“I really haven’t seen it yet,” he said. “But we’re ready if they come.”

With the new, broader eviction moratorium, Ziemer said he didn’t anticipate many families being forced onto the street.

Still, judges across the U.S. have interpreted the CDC moratorium differently, and some landlords are still attempting eviction proceedings despite the order, according to a report from the New York Times.

If a landlord attempted to evict a resident in Natrona County, Ziemer said the tenant would have some recourse. Legal Aid has a prewritten affidavit tenants being threatened with eviction can file to put off the proceedings until the moratorium expires.

“All they need to do is file that affidavit and that will put the eviction on hold until Dec. 31,” Ziemer said, adding that Legal Aid also has a COVID-19 legal fund for anyone requiring legal assistance related to the pandemic.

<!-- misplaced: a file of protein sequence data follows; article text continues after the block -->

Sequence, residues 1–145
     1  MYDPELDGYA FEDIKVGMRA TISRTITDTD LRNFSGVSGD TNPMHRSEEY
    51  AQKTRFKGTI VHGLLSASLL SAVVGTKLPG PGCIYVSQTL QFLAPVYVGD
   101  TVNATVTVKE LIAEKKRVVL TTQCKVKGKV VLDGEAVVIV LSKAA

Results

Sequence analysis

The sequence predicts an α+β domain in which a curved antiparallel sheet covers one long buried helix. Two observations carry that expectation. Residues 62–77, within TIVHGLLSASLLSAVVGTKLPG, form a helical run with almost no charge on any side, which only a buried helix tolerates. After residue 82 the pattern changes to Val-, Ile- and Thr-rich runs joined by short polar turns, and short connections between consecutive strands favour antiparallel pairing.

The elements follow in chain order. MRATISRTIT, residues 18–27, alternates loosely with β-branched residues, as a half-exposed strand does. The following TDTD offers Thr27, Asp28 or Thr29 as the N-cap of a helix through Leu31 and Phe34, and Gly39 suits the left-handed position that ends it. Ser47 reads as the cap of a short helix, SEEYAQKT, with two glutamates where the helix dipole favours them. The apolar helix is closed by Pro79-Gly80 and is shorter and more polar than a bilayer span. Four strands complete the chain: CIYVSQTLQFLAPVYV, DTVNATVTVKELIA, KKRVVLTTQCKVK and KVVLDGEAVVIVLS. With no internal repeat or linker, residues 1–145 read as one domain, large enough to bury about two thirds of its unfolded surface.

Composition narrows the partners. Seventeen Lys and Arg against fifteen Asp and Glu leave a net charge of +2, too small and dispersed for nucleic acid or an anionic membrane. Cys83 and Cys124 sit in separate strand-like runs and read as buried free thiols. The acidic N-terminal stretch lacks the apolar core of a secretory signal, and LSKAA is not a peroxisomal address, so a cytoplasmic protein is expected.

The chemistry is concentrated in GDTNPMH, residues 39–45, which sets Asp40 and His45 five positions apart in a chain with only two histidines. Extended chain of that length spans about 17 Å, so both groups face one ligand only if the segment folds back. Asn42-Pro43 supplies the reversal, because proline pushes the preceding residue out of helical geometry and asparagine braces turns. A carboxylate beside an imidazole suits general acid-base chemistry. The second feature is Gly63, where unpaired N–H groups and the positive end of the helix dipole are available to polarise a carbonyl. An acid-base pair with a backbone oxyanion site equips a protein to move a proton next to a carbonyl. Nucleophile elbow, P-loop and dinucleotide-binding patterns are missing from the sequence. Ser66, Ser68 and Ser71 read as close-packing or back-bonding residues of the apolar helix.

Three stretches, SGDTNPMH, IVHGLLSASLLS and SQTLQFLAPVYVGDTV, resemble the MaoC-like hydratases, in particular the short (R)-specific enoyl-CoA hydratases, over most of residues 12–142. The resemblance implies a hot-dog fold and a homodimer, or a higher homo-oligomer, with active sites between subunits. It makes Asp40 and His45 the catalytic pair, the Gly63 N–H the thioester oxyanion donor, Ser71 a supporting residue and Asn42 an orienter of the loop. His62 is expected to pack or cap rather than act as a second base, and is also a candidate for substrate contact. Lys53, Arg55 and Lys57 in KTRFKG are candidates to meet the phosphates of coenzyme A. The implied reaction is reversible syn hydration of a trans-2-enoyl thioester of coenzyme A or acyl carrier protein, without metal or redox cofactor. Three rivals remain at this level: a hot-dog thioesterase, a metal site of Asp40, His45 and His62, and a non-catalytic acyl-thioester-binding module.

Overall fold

The CDC order extends to any household unable to pay its rent or mortgage, with annual income caps of $99,000 for an individual and $198,000 for a married couple. That means most Americans will be eligible, so long as they sign the relevant form and provide it to their landlord.

It does require tenants to make their best efforts to pay as much of their monthly costs as possible, but this is where a program created by the state Legislature may come in.

The Legislature in May authorized the Wyoming Community Development Authority to spend up to $15 million in federal virus relief on rent and mortgage assistance for households whose income has been impacted by COVID-19.